Are there any harmful side effects to these forms of contraceptives?

The most common side effects [of] the birth control pill include irregular bleeding, nausea, breast tenderness, bloating and headaches. It’s important to know these side effects are temporary and if they don’t go away in two to three months, you should change to another type of pill—because there are many different types and combinations of estrogen and progesterone depending on your side effects and body type. Study after study does not show weight gain to be a side effect of the pill.

The cause of these side effects depends on how sensitive you are to these man-made or synthetic estrogen and progesterone hormones. There are many different brands of OCP’s each varying in the types and doses of these two key hormones. Some women are more sensitive to one or both of these hormones exacerbating these side effects.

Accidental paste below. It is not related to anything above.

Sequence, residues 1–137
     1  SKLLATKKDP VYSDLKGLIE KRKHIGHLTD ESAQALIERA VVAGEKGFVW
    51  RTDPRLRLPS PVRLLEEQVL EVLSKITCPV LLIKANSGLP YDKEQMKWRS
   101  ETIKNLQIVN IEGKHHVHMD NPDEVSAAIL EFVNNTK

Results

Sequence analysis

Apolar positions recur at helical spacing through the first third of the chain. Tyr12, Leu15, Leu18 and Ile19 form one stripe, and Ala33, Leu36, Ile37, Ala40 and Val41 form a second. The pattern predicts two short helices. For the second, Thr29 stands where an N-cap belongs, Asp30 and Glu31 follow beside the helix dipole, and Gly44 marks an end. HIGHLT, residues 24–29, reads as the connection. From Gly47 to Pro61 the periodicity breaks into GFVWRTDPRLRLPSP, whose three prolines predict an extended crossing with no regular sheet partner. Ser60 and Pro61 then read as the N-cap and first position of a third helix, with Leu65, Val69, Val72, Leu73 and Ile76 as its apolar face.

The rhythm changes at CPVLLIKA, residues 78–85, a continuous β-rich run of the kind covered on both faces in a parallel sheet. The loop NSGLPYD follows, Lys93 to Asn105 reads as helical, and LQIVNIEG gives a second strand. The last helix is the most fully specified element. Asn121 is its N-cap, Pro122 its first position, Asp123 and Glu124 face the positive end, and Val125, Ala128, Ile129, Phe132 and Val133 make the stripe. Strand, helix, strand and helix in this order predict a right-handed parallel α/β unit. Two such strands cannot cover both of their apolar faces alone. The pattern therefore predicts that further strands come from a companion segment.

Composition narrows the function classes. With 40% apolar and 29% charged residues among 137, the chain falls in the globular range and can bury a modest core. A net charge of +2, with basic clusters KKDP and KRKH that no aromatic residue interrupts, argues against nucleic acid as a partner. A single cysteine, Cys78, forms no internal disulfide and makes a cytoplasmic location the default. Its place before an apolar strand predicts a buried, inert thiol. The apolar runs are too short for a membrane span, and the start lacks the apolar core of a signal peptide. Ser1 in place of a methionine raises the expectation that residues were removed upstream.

Women who have a hard time with the Nexplanon hormonal implant or IUD have side effects that are disruptive in their daily life. Women using the copper IUD may experience heavier, longer and more painful periods. Those using the progesterone IUD may experience irregular bleeding and cramping during the first three to six months and some women will not have a period at all, which is often a welcomed side effect but for some, this is not an ok side effect. If these side effects are persistent and disruptive, you may not want to use the Nexplanon hormonal implant or IUD as your form of birth control.

Barrier methods such as the diaphragm and cervical cap can make you more prone to yeast and bacterial infections.